Civil case against Madoff to tackle investor issues
Beginning Wednesday, the federal court in Manhattan will be the forum for three important issues affecting investors caught in the widening scandal surrounding Bernard Madoff, accused of operating a $50 billion Ponzi scheme.
The New York Times
NEW YORK — Beginning Wednesday, the federal court in Manhattan will be the forum for three important issues affecting investors caught in the widening scandal surrounding Bernard Madoff, accused of operating a $50 billion Ponzi scheme.
Most important, Judge Louis Stanton of U.S. District Court, who is handling the civil case against Madoff, is being urged to consider broadening the protections available to investors in failed Wall Street firms to allow for the "devastating" circumstances of the Madoff scandal.
Stanton has also set Wednesday as the deadline for Madoff to provide federal securities regulators with a full accounting of his and his New York firm's assets — from real estate to art works to bank accounts. Regulators are to tell the judge if the report is not on time.
And finally, the court has been notified by the trustee overseeing the liquidation of Madoff's brokerage firm that he will send out the first mass notification to customers by the end of next week.
These developments are paralleling a federal criminal case accusing Madoff of securities fraud, based on accounts that he confessed to his sons Dec. 10 that his entire business was "a lie" and a giant Ponzi scheme.
According to court filings, he himself put the losses as high as $50 billion.
Because Madoff operated a brokerage firm, some of his direct investors may be covered under the Securities Investor Protection Corp. (SIPC), a federal fund created to cover fraud losses in brokerage accounts.
But many victims were not direct customers of the Madoff brokerage firm, Bernard L. Madoff Investment Securities. Instead, they had invested in "feeder funds," some of them operated by well-known Wall Street figures, which in turn invested with Madoff.
In a letter posted in the court docket Monday, one of those indirect investors — Daniel Goldenson of Bremen, Maine — urged Stanton to consider looking past those feeder funds to the individuals ultimately affected by Madoff's collapse.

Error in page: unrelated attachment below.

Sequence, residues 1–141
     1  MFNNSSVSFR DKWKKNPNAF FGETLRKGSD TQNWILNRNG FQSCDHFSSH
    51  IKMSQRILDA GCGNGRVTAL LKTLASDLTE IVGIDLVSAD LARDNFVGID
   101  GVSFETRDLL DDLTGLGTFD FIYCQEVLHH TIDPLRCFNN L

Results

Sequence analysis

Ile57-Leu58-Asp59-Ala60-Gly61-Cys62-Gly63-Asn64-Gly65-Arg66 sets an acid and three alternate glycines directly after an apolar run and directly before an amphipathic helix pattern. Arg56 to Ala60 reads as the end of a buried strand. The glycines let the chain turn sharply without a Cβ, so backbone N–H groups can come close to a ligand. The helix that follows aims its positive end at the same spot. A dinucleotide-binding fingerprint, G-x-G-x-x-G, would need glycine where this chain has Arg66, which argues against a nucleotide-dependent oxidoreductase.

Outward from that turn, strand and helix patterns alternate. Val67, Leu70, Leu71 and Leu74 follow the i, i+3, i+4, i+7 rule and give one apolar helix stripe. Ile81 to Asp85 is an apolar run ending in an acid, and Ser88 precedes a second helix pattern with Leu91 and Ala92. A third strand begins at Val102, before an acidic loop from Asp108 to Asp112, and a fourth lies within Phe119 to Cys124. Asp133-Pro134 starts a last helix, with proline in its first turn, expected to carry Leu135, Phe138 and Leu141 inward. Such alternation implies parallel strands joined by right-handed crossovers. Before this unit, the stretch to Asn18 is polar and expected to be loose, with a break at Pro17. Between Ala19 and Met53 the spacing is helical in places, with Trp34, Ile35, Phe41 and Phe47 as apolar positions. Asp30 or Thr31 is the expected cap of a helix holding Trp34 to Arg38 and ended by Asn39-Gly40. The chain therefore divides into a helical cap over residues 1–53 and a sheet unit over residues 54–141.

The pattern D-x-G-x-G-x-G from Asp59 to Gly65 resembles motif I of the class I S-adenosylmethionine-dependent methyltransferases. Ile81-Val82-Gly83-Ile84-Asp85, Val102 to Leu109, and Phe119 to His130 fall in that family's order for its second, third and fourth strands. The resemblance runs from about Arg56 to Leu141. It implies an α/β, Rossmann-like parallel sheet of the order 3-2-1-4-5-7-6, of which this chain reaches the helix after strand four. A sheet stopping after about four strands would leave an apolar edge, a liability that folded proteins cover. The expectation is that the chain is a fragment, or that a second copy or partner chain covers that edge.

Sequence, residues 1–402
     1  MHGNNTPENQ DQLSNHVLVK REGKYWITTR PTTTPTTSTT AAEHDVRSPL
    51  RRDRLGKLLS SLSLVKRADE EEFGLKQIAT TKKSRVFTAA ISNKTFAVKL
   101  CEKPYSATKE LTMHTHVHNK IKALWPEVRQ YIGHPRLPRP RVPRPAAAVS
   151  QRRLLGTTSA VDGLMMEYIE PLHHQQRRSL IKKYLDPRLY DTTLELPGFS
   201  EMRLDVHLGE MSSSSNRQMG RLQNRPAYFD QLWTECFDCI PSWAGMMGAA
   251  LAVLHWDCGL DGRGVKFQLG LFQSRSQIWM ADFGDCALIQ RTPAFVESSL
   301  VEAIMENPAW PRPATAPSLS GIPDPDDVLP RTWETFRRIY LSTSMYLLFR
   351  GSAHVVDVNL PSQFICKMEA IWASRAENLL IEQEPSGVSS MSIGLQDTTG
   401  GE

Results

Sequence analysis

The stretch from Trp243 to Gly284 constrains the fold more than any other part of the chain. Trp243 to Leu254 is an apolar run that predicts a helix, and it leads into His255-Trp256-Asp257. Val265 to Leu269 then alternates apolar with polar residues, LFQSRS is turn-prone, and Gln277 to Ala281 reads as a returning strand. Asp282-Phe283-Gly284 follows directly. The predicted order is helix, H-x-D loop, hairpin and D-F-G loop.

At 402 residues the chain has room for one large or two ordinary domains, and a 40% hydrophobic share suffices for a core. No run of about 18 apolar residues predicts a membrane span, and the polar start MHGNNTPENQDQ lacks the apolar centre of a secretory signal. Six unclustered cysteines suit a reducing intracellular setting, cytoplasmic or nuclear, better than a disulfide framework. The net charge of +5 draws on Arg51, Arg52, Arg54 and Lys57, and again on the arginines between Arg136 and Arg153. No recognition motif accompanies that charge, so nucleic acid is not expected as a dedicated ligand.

They, not just the feeder funds, should be considered direct customers of Madoff's firm, Goldenson argued.
He acknowledged in his letter that a strict reading of the SIPC guidelines would not treat him as a customer.
"But in this devastating case we feel it is appropriate to broaden investors eligibility beyond direct investments," Goldenson wrote.
"Please consider broadening access to SIPC for all individuals who lost so much or all of their life savings," he concluded. "This was an intertwined system of deceit and theft within our financial markets that has left retirees like ourselves having to sell our homes and raise money any way we can."
Stanton acknowledged the letter but simply cited the early stages of the case and the complex legal issues that surround eligibility for brokerage-account protection without indicating whether he would consider the request.
Stephen Harbeck, the president of SIPC, said in an interview that he could not predict whether the judge would follow Goldenson's suggestion.
The key step now, he said, is for affected investors to submit their claims, so that they are on the record as the legal issues are worked out.
That process is ready to move forward, as the trustee working for SIPC has notified the court he is ready to send out the first published and mailed notices to Madoff customers by Jan. 9.
Given early accounts that the records for Madoff's money management clients were found in considerable disarray, the announcement came earlier than many lawyers in the case had expected and will speed up the day when the legal issue of SIPC coverage can be considered in court.
That speed has come with a price tag.
The trustee, Irving Picard of the Baker Hostetler law firm, is also asking Stanton to approve the payment of $28 million in expenses relating to the Madoff liquidation. The money would cover salaries and benefits of employees continuing to work at the Madoff's revenue-producing trading business.
Copyright © 2008 The Seattle Times Company
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